The Stanley Parable is strange. The Stanley Parable is smart, calculated. The Stanley Parable is pure chaos. The Stanley Parable is about so very, very many things – at least, until it decides to be not about them at all, often in the same breath. I’ll be straight with you: reviewing this thing in any conventional fashion is more or less impossible. Yes, at heart it’s a first-person adventure born of a highly acclaimed Half-Life 2 mod, but it’s also far, far more. A tangled web of surprises and secrets, a madman’s ransom collage of endings and fresh starts. And so, in the spirit of The Stanley Parable, I have decided to let you choose how you’d like to see the game reviewed. Well, if you’d even call these meaningful choices, let alone important ones. Er, sorry about that. Been playing too much Stanley Parable. You know how it is.
By John Walker on October 15th, 2013.
Guacamelee: Gold Edition has been out since before the stars were born, so it’s really about time we let you know Wot One Of Us Thinks. The 2D, side-scrolling Metroidvania is a cut above the rest, a shining example of the form. And also a damned good example of how boss fights can really spoil things. Here’s wot I think:
By Cara Ellison on October 14th, 2013.
Castles In The Sky, the debut game from indie studio The Tall Trees, doesn’t look like much. Its little pixellated window is like a peek into a giftbox you might find in an Edinburgh gift shop. A miniature boy is holding a little balloon as if framed on the wall of a childhood bedroom. The premise of this game is small too. In Jack’s email to me he’d tell me ‘It’s a videogame picture-book about a little boy who decides to leave the earth far below, and goes off exploring in the wide blue sky’. A picture book, I thought. I expected a pleasant story. I expected not much in the way of the trappings of videogame canon: that world we come from where a health bar happens, or where a collectible might demand our attention. Sullenly, I ran the game, and expected to like it, but not think anything further of it. But sitting down in an armchair just after dinner, I experienced the unlikely: what it is like to be proven wrong.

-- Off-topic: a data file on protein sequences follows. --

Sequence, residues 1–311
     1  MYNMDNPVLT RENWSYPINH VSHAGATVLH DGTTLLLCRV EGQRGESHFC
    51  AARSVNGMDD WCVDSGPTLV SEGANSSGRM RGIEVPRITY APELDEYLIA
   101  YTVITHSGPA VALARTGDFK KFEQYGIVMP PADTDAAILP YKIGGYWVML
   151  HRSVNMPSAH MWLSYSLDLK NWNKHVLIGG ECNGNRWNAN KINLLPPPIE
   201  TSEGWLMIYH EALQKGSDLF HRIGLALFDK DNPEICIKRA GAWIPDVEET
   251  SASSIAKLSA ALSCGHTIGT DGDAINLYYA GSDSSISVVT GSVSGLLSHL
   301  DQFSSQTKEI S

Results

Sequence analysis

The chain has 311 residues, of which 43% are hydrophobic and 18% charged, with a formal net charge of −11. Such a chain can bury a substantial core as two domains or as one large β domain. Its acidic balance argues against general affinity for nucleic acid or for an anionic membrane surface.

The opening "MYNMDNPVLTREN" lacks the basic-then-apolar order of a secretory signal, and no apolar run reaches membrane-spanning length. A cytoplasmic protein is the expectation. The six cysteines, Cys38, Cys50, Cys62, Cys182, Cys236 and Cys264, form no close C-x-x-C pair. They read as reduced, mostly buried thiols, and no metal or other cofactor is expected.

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By Adam Smith on October 14th, 2013.
How do you follow The Walking Dead? At a slow pace and a safe distance, preferably while soaked in corpse juices and with intestines draped around your neck. Or, in Telltale’s case, the sensible option is to provide more of the same. The Wolf Among Us, adapted from DC Vertigo’s on-going Fables series, is another comic adaptation and, as with The Walking Dead, its creators care more for their characters than for puzzles or challenge. Here’s wot I think of episode one.
By Adam Smith on October 11th, 2013.
Five minutes of Bionic Dues was almost enough. I was attracted by turn-based tactical mech combat but swiftly repelled by confusion and comedy voiceovers. I quit. Later, just before bed, I decided to try again, reasoning that while Arcen may not be on a winning streak, their games are usually more interesting than this one had seemed. I never did make it to bed that night. Here’s wot I think.